Lindsey Vonn isn't finished yet

Decorated skier competing has another shot at the podium in the combined event

Lindsey Vonn isn't finished yet
Bronze medallist Lindsey Vonn of the United States celebrates during the medal ceremony for the women downhill on Day 12 of the 2018 Winter Olympic Games. © Getty Images

By Wendy-Ann Clarke, CBC Sports

American ski star Lindsey Vonn finished the women's downhill competition in Pyeongchang with a bronze medal around her neck and her emotions on her sleeve.

The tearful 33-year-old took the podium on Day 12 alongside her friend and gold medallist Sofia Goccia of Italy, and Silver medallist Ragnhild Mowinckel of Norway.

With a storied career marked by almost as much success as injury, the American made history becoming the oldest alpine women's medallist of all time. Competing in what she says will be her final Olympic Games, Vonn is currently sitting in first place in the combined event which could put her on the podium a second time at these Games. 

After winning the downhill in Vancouver 2010, Vonn was forced to sit out of the 2014 Sochi Games due to knee trouble. With all the physical ups and downs of the past eight years, for her, being back on the podium in South Korea is "as good as gold."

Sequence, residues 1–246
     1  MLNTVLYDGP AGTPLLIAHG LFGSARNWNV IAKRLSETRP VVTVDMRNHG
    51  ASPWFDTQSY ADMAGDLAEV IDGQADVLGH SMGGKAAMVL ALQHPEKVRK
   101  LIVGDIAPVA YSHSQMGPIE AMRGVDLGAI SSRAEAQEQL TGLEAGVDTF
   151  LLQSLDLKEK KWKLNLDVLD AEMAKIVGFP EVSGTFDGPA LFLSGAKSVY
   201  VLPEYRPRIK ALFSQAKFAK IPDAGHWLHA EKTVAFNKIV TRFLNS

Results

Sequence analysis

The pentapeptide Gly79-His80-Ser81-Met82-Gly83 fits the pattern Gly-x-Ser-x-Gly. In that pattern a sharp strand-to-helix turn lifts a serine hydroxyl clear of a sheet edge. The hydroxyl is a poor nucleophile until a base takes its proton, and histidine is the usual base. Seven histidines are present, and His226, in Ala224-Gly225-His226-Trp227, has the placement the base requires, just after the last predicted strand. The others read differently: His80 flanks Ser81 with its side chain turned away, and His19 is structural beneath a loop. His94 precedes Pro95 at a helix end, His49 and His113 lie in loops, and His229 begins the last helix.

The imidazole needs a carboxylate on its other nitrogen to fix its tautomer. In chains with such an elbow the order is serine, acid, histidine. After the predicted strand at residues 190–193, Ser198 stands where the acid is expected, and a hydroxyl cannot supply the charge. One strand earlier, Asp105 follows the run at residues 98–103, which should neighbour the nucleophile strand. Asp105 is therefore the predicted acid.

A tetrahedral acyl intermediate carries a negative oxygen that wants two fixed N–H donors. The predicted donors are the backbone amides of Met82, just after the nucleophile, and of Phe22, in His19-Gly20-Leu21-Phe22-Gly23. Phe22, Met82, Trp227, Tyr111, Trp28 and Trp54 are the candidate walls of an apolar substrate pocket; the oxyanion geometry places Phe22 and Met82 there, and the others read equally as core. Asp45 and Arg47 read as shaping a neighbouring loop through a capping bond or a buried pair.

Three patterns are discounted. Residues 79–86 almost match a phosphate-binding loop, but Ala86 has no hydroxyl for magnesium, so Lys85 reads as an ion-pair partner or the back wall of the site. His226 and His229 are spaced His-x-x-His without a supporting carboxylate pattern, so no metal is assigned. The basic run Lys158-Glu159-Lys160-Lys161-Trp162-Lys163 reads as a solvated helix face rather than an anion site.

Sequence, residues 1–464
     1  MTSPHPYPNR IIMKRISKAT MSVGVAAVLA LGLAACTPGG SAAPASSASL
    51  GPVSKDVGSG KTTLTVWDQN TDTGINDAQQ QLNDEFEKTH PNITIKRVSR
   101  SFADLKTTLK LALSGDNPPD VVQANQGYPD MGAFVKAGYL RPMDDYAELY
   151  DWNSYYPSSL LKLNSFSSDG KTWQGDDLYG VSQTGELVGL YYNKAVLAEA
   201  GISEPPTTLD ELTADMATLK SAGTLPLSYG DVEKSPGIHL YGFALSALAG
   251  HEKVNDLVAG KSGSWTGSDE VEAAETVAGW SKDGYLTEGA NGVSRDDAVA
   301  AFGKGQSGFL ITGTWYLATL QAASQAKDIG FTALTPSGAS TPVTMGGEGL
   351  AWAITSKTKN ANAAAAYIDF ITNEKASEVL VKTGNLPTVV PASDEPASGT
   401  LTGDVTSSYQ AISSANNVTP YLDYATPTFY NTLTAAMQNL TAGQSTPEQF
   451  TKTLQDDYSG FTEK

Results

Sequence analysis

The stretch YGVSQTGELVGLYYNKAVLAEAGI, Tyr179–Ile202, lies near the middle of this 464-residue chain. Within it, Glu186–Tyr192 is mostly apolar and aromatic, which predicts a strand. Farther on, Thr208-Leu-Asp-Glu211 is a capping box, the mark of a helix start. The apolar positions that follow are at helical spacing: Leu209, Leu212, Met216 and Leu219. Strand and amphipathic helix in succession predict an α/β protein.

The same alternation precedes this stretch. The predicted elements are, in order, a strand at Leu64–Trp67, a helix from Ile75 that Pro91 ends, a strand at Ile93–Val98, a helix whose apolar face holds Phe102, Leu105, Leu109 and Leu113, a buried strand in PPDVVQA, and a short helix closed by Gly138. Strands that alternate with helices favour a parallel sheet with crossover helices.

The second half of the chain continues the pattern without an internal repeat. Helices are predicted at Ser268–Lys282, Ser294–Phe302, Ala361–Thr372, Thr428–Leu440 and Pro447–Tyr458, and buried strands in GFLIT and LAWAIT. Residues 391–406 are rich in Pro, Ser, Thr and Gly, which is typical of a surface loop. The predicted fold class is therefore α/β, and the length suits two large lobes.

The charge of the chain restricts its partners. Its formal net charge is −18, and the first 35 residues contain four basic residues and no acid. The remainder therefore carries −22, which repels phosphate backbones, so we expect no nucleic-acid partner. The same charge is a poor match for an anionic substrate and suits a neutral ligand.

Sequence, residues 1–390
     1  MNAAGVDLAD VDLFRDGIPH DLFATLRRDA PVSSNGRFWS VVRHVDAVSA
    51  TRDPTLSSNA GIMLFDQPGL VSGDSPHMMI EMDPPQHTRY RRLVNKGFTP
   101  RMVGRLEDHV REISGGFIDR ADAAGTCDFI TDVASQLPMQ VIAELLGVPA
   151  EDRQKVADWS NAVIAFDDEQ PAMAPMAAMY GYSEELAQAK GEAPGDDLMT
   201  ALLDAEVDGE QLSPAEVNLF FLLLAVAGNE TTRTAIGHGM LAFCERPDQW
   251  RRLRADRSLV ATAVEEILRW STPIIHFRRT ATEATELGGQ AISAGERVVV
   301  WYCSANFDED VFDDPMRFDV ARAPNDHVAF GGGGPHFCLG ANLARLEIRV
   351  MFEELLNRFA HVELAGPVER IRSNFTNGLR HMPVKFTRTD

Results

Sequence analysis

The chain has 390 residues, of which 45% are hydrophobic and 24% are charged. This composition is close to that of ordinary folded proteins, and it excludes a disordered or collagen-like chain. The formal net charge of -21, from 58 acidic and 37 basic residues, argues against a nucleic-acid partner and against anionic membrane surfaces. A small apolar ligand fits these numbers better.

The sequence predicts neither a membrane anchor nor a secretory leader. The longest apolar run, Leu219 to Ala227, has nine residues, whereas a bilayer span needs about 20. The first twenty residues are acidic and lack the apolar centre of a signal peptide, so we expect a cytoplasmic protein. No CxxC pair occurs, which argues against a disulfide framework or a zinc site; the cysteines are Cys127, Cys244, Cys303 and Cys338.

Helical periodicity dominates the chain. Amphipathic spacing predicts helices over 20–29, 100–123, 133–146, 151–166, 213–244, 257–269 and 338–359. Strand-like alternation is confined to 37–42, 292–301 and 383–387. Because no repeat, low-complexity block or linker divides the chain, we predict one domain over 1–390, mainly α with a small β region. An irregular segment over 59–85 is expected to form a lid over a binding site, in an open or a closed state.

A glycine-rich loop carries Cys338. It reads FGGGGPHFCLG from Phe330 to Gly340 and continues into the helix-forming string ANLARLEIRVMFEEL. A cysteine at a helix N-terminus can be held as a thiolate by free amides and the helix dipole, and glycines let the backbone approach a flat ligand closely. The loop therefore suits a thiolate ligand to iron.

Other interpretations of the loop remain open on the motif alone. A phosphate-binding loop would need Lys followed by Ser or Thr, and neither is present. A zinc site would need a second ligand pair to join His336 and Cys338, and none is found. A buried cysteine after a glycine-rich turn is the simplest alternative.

After all of the horrific crashes and all of the surgeries, I took my tears of pain and turned them into tears of pure joy. It took me 8 years but i fought my way back and today bronze feels like gold. Congrats to the real 🥇🥈medalist @iamsofiagoggia And @ragmow ❤️I need to say thank you to everyone who has gotten me to this point; my family, friends, coaches, trainers, doctors, therapists and my fans. I am here because of your support! And I so proud to be standing together with all of my amazing teammates. I am humbled to have raced with all of you @lalalaurenne @staceycookusa @breezyjohnsonski @thealigator @aliweather_ @jacquelinewiles ❤️THANK YOU🙏🏻....gonna try to stop crying now 🙈 #nevergiveup

A post shared by L I N D S E Y • V O N N (@lindseyvonn) on

Going head to head with American teammate Mikaela Shiffrin in the combined; which consists of one run of downhill, followed by one run of slalom, she looked in incredible form, bettering her bronze medal winning downhill time by more than three tenths of a second. She will run the slalom portion on Thursday at 1:00 a.m. ET. 

With emotions running high on Wednesday, she savoured her bronze medal performance as if it were the last of her career.

"I'm on the Olympic podium for probably the last time and I'm so grateful," the tearful Vonn told CBC in an interview in Pyeongchang. "I've had so many injuries and everyone counted me out. Everyone said I was washed up and I should just quit. I didn't ... It just proves that you can never give up."

Vonn has also carried with her the memory of who she says was her greatest fan and supporter— Her grandfather, who passed away in November.

I miss him so much 😭

A post shared by L I N D S E Y • V O N N (@lindseyvonn) on

Widely regarded as the greatest women's alpine skier in history, Vonn has a record 81 World Cup victories. She is expected to continue to pursue the all-time record of 86 wins held by Ingemar Stenmark of Sweden.